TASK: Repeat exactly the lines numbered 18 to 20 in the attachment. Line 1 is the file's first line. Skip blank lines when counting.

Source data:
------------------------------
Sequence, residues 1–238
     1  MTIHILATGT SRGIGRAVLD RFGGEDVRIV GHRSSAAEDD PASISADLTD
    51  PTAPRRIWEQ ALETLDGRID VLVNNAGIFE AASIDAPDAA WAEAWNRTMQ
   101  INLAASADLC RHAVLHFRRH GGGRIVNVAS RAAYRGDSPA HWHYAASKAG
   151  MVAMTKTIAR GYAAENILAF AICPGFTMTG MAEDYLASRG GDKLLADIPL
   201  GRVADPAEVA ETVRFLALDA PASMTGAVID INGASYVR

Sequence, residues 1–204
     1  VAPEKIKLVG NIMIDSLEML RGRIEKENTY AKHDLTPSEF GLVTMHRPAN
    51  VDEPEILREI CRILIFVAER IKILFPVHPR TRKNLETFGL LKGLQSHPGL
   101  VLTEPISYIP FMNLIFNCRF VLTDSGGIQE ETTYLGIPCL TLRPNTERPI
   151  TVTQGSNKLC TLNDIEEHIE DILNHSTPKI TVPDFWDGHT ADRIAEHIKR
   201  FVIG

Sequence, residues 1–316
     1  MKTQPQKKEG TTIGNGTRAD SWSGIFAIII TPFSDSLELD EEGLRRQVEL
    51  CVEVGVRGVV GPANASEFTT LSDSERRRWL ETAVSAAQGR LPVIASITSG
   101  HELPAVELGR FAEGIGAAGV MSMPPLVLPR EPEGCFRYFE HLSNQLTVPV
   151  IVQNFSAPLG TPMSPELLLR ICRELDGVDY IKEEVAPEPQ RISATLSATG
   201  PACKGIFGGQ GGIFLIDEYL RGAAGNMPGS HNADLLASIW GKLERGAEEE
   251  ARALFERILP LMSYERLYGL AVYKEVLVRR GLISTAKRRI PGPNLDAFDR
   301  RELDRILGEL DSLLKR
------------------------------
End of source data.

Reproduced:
   201  PACKGIFGGQ GGIFLIDEYL RGAAGNMPGS HNADLLASIW GKLERGAEEE
   251  ARALFERILP LMSYERLYGL AVYKEVLVRR GLISTAKRRI PGPNLDAFDR
   301  RELDRILGEL DSLLKR